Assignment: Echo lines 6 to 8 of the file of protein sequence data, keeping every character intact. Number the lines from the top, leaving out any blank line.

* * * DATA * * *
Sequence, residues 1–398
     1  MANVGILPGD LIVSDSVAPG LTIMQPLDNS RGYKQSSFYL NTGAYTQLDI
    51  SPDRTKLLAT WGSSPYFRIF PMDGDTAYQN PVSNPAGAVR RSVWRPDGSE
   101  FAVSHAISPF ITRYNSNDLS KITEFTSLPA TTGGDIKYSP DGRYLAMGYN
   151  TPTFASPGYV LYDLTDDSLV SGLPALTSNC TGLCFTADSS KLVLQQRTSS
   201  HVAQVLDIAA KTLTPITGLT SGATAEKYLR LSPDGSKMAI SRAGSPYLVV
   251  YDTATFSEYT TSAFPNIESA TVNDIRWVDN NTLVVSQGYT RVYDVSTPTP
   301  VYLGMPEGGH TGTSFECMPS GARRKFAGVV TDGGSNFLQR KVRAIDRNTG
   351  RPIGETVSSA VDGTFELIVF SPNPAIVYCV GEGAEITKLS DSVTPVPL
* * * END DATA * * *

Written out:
   201  HVAQVLDIAA KTLTPITGLT SGATAEKYLR LSPDGSKMAI SRAGSPYLVV
   251  YDTATFSEYT TSAFPNIESA TVNDIRWVDN NTLVVSQGYT RVYDVSTPTP
   301  VYLGMPEGGH TGTSFECMPS GARRKFAGVV TDGGSNFLQR KVRAIDRNTG